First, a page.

I got a few suggestions for alternatives to the old spring arrangement. Pretty popular was the idea of using various forms of rubber in various arrangements. A bit of scaddery, followed by experimentation with rubber O-rings and various methods of winding rubber bands, I tested the above design. It works really well! There’s a good, strong centring force, very smooth response and it’s entirely silent.
I think longevity will be the biggest challenge with this design; over time the rubber will atrophy. Perhaps I could look at using some other kind of elastic band rather than a garden-variety rubber band? I also need to round off a few sharp edges to help prevent abrasion.
Following from my general dissatisfaction with the assembly process of the Mk. 1 gimbal, I redesigned it from scratch to be much easier to put together, with lower chance of breakages through over-tightening various bits. The new design is bigger and uses more bearings, but I think it’s better overall.
I’m currently working on refining the spring system for providing centring force on the stick. The current arrangement works well, except over time the spring steel piano wire develops a permanent bend, and the stick develops slop around the centre. If anyone has any suggestions for a centring mechanism which can be built into this design, and doesn’t use very particular spring components, let me know.
At the cost of seeing this datasheet every time I close my eyes, I’ve got EEPROM writing working. In order to avoid writing bogus data to the memory the chip makes you look up a table of codes and solve a maths problem before it’ll let you write. Feels like copy protection circa 1995.
Being able to tweak the interal parameters of the chip means that we can use the dedicated signal processing grubbins in there to clean up the signal before delivering it to the microprocessor doing the USB interfacing. Next up I’m going to look at modifying the gimbal base to support the PCB to which the MLX chip is mounted. This means I can do proper testing and determine what size magnet will be best for this design.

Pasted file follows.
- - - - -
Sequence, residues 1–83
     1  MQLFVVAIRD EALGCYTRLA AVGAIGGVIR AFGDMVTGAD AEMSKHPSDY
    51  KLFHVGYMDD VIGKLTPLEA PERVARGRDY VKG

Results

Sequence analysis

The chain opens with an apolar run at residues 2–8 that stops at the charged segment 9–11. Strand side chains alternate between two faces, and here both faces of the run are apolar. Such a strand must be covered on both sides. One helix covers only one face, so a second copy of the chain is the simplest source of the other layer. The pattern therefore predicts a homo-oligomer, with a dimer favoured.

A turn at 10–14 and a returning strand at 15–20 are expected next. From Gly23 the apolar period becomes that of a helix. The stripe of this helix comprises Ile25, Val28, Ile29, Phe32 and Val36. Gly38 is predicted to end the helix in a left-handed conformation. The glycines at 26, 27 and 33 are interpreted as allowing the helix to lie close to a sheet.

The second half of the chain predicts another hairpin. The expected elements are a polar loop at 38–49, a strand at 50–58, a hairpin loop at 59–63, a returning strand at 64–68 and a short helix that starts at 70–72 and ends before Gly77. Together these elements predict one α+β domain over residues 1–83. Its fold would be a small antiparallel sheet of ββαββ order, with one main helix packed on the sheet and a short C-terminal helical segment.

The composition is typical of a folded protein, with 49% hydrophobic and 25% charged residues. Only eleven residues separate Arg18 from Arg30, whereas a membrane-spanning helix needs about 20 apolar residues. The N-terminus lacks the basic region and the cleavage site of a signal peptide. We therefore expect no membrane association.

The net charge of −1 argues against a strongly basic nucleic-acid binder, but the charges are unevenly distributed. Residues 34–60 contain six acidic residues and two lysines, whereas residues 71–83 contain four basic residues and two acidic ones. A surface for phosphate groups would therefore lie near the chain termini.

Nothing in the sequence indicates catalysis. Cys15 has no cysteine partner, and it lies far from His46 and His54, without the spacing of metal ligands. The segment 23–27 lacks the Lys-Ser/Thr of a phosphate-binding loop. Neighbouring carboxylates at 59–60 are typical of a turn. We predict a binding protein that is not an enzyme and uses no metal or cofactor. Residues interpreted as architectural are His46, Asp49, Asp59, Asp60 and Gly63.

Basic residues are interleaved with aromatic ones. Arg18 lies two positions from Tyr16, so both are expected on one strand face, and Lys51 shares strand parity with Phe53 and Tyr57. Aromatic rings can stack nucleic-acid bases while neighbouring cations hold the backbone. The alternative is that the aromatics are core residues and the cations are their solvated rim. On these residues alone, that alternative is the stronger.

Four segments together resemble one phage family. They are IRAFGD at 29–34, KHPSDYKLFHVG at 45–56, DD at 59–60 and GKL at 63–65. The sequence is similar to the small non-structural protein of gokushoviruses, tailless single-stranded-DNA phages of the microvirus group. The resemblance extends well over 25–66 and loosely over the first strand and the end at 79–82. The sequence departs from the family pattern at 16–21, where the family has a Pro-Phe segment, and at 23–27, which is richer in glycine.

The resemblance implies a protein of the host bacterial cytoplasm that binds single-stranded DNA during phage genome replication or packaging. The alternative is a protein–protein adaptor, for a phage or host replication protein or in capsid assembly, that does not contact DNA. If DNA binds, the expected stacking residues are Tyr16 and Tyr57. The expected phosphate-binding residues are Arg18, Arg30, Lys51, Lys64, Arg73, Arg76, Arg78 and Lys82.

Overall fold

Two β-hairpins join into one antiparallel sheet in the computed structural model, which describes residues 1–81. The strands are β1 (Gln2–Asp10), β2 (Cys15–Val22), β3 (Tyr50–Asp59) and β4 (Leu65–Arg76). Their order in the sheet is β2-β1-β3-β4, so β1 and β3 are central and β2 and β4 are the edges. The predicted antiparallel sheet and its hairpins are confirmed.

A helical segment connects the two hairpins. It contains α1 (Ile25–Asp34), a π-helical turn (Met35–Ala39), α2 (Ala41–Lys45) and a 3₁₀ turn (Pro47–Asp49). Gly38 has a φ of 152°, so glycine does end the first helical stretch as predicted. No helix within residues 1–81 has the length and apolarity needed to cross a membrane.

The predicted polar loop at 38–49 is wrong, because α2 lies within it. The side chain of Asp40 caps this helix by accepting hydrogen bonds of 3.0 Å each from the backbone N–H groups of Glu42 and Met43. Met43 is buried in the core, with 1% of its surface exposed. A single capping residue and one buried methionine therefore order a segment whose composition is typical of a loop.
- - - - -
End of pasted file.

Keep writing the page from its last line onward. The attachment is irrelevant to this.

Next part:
The Thrustmaster Warthog (an incredible and incredibly expensive) joystick uses a very similar chip but it moves the magnet around a hemisphere centered at the chip. My gimbal moves the magnet in a hemisphere centered at a rotation point above the chip. Both modes of movement are supported by the built-in maths according to the documentation, which is great for me, but I’m not going to sit comfortably until I’ve tested it myself.
Hello, I'd like to know if you could help me make to access the MLX90363. I understand it can be programmed by SPI without an external programmer. Is that correct? What experience do you have with that? I'd like to learn about its capabilities. Have a nice weekend over there. Greetings from Argentina!
I’ve begun work on an interface to a new 3D hall effect sensor for detecting the deflection of the stick. Price-wise it’s a little bit cheaper, but the main appeal is that its EEPROM settings can be altered via a standard Serial Peripheral Interface (SPI) bus, rather than using Melexis’ super-expensive programming box. This means that linearisation and calibration can be done in-chip, making things much simpler.
In a bout of webtwopointoery I’ve signed up on Trello and created a board for OpenJoystick for tracking progress on various aspects. Looks mildly useful.
I’ve built the plates for the back and right sides of the right hand throttle quadrant. The two hats on the back (the slew stick and the coolie hat) rest underneath the index and middle fingers, whilst the hat (radio switch) and switches on the right side are manipulated by the thumb.
The thumb switches are going to get a bit trickier than they currently appear, since only one of them is an actual three-position switch. The others are sprung from some positions. I imagine I’m going to have to work out some kind of spring mechanism to enforce positions in which the switch cannot rest.
If you’re curious as to what these switches are used for, there’s a handy guide to the A-10C HOTAS layout here. Be warned: It’s not for the faint of heart.